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Mars Attacks

Tim Burton’s films tend to fall into either of two categories – weird, but solid commercial cinema, or truly bizarre labours of love – both of which bear the markings of his inimitable auteristic style, but the personal films, although generally better, never seem to succeed at the Box Office. Mars Attacks was intended to fall into the former category, but inadvertently leapt into the latter with a gleeful thwack. Based on a series of Bubblegum Card from the 1950’s, this is a sick, audacious and irreverent stormer of a film. The Martians decide to conquer the Earth – “Nice Planet – We’ll Take It”- which is what they do. They have no sense of morality, there is no justification for the attack and certainly no apology. This sets the agenda for a relentless assault of sick visual skits as pious humans, particularly those in power, attempt to “embrace” and “welcome” a new culture, and the Martians simply torture or destroy everything in their path.

Although there is no real need for a storyline, attention to the human element is focussed on a small number of characters, typical Burtonesque misfits, scattered across America, who eventually pull through and stop the invasion by the most bizarre means yet devised in such a film. Burton always challenges what is socially acceptable, and characters considered to be and portrayed as “normal” are invariably the bad guys of the piece, indeed in this film their respective demises provide some of the most satisfying comedy sequences. It is the unusual, the unacceptable, the awkward that triumphs, all the heroes are lacking in some way. Actors were simply dying (Jack Nicholson twice!) to get involved with the project, many appearing in cameos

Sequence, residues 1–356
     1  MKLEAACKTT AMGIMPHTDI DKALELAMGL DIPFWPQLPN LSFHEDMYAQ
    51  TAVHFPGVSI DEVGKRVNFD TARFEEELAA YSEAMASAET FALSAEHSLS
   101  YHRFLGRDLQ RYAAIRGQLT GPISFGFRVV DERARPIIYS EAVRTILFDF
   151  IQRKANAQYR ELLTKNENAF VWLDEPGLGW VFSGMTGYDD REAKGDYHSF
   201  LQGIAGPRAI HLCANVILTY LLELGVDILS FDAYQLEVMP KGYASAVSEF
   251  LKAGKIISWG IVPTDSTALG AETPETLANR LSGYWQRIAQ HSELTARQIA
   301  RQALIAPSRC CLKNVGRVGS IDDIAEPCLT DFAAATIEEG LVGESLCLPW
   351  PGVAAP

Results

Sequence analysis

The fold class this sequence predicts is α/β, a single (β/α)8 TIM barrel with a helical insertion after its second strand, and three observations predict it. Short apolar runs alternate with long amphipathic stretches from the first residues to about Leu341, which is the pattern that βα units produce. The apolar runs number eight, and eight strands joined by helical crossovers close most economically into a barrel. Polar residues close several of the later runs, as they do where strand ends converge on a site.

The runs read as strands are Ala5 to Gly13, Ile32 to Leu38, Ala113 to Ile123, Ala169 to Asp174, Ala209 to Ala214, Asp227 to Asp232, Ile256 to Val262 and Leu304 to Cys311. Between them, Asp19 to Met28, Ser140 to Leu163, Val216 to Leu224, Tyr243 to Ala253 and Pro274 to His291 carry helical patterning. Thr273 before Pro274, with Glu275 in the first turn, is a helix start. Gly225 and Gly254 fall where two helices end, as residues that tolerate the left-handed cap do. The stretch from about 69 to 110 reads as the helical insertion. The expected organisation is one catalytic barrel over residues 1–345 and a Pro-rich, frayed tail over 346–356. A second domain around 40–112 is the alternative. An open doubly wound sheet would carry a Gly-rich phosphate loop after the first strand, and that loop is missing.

The most important element to this film however, lies in it’s manic pace, sheer nerve and downright silliness. This is reflected in the Martians themselves. They have enormous heads, pathetically puny bodies (with rather fetching red underpants), manic eyes, inane grins and, although computer generated, move as though they have been animated in a stop motion style (a tribute to Ray Harryhausen) which somehow makes them appear less virtual, and their interaction with the human characters more convincing.

They stole the show and in an age where society has become so moral and “touchy feely”, it was absolutely great to see a film which displayed total disregard for 90’s sensibilities in favour of the bizarre, the sick and the manic.